President Emmanuel Macron could lose his outright majority in France’s parliament and the ability to push through his economic reform agenda with a free hand after a strong showing by a new left-wing alliance in the first round of voting.
Macron’s centrist alliance and the NUPES coalition led by the hard-left veteran Jean-Luc Melenchon each won 26% of the vote amid record abstentions on Sunday, though it is the June 19 second-round alone that will determine the division of seats.
Elabe projected Macron’s Ensemble! alliance would win between 260-295 National Assembly seats – with the mark for an outright majority set at 289 seats – and that the left would secure 160-210 seats, a big increase from 2017.
“Come out and vote next Sunday to reject the evil politics of Mr Macron,” Melenchon tweeted after Sunday’s vote.
If Macron’s centrist alliance loses its outright majority in the run-off round, the president will be forced into making messy pacts with factions of the centre-right or centre-left who refuse to align with Melenchon on a bill-by-bill basis.
It could also trigger a cabinet reshuffle.
At stake is Macron’s ability to pass reforms including a contested pension reform that would see the French work longer, a change the former investment banker says is necessary to ensure long-term order to the public finances.
His opponents on the left are pushing to cut the pension age and launch a big-spending drive as surging inflation drives the cost of living higher and erodes wages. Melenchon depicts Macron as an economic liberal who protects the rich and not hard-up households.
Prime Minister Elisabeth Borne defended the ruling party’s performance on Sunday.
“Contrary to the words of Mr Melenchon, who really has a problem with reality, we are the political force that has the most candidates in the second round, there are candidates from the presidential majority in three-quarters of constituencies, and we will mobilise this week to win a clear and strong majority,” she told reporters in her Calvados constituency.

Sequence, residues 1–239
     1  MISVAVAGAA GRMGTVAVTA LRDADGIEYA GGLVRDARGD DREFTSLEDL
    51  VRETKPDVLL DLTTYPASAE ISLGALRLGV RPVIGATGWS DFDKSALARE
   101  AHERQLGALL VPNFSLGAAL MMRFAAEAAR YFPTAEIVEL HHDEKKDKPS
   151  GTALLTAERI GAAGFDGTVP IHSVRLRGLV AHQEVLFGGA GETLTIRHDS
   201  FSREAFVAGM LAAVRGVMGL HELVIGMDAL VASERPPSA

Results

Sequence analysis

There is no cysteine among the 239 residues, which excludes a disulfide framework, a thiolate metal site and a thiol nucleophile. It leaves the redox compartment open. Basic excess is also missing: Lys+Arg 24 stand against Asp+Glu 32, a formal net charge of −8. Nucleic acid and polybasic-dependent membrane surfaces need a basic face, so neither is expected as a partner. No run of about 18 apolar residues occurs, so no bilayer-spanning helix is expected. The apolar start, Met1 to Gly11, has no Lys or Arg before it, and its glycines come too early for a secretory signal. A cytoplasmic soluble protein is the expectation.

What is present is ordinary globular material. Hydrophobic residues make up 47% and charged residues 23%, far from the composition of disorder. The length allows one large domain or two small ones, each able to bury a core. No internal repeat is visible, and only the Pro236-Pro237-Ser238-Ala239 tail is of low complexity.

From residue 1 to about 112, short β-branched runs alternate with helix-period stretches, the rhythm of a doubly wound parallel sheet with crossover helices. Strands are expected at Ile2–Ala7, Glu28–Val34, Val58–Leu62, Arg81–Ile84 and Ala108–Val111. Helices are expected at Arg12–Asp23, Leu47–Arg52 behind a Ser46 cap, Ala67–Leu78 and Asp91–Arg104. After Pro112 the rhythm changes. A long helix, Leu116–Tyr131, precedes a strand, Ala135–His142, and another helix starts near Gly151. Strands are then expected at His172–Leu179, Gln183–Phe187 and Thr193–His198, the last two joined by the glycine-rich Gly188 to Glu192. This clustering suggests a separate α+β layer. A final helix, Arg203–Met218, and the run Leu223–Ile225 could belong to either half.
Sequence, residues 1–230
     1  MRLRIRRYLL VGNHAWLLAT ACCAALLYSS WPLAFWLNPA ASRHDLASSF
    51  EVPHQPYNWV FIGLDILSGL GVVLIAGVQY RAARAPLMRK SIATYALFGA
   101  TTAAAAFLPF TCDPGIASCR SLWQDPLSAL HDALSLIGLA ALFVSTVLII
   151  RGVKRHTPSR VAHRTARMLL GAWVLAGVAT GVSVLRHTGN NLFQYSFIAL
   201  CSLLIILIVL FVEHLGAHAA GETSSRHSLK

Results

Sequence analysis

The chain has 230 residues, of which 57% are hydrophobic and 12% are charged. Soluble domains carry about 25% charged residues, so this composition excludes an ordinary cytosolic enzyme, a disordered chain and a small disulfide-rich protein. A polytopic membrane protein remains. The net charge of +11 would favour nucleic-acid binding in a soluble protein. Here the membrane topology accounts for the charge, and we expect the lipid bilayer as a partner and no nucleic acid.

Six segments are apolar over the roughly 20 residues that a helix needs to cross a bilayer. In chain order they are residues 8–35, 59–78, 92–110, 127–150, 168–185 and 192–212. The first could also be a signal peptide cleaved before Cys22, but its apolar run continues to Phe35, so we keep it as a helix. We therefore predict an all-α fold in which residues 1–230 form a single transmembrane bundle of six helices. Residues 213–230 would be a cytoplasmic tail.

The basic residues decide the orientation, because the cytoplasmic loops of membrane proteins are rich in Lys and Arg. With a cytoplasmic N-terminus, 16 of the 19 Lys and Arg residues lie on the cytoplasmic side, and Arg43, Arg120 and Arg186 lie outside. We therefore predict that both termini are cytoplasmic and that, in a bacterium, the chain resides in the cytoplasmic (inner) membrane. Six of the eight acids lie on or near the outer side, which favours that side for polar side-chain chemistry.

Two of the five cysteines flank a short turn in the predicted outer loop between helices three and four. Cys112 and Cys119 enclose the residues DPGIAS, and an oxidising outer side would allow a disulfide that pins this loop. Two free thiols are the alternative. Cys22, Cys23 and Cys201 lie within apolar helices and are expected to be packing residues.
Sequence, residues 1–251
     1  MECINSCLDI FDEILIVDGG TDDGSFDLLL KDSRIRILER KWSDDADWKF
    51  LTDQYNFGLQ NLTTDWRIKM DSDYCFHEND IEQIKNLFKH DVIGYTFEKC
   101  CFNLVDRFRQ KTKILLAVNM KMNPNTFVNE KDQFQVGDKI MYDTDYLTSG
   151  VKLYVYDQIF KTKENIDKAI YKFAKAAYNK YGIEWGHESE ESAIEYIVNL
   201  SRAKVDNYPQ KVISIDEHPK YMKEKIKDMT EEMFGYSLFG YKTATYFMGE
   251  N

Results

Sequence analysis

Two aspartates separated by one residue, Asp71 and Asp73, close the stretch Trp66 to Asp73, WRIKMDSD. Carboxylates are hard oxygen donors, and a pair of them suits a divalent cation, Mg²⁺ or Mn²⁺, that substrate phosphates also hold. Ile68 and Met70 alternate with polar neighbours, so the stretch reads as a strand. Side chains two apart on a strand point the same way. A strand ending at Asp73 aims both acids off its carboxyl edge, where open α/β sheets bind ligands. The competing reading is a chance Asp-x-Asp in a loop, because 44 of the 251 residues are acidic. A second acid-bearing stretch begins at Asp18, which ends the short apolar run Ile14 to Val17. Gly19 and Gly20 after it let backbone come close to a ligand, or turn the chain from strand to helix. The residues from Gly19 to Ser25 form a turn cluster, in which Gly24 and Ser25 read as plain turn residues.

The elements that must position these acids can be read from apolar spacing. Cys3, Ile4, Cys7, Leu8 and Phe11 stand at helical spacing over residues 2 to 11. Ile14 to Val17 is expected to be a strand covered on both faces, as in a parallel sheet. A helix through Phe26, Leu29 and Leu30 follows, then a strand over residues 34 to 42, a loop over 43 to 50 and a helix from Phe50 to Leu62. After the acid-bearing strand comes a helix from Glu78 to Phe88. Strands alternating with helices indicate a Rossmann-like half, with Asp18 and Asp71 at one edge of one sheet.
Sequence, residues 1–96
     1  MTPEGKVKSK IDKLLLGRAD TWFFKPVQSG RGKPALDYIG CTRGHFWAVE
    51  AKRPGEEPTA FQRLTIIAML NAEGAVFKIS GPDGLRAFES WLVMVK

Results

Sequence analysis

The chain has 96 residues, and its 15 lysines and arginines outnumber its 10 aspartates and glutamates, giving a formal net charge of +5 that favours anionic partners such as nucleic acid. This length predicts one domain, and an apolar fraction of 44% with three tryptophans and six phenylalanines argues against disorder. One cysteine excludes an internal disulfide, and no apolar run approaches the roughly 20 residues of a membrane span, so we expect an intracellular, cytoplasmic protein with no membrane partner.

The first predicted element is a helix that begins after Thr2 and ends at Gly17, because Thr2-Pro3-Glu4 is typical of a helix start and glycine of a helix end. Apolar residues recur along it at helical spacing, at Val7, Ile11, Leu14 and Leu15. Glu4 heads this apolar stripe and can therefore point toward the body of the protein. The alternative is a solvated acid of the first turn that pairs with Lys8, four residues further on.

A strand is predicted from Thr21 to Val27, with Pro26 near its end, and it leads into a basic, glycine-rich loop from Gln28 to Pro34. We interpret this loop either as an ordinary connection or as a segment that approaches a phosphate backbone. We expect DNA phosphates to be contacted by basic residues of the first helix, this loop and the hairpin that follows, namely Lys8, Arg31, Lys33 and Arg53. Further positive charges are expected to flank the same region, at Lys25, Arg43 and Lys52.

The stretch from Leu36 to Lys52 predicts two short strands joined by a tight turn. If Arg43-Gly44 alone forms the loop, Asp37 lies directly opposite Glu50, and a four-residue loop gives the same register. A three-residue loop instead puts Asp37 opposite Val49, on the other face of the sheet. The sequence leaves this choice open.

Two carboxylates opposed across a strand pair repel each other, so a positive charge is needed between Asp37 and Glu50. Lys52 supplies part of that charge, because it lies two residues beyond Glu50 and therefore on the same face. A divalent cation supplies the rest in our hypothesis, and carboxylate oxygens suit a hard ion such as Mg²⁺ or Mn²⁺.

However, in a sign of investor unease at the prospect of Macron losing full control of the lower house, French banking stocks fell in Monday trading.
France’s third-largest listed bank Societe Generale had dropped 3.6% by 0850 GMT, underperforming the CAC40 index which was down 2.1%. It’s two larger peers BNP Paribas and Credit Agricole lost 2.8% and 3.2% respectively.
“A nervy wait ahead of the second round,” Deutsche Bank wrote in a client briefing note.
No poll shows NUPES winning a ruling majority – a scenario that would plunge the euro zone’s second-largest economy into an unstable period of cohabitation, where the president and prime minister come from different political groups.
Ensemble! won 25.75% of the popular vote while the NUPES bloc secured 25.66%, according to the Interior Ministry’s final tally.
Several Melenchon allies accused Interior Minister Gerald Darmanin of manipulating the count by not including some candidates who had publicly said they supported the left-wing alliance within the bloc’s tally.
The Interior Ministry did not immediately respond to a request for comment. Budget Minister Gabriel Attal said: “(The left) always call into question the figures … it’s their speciality.”
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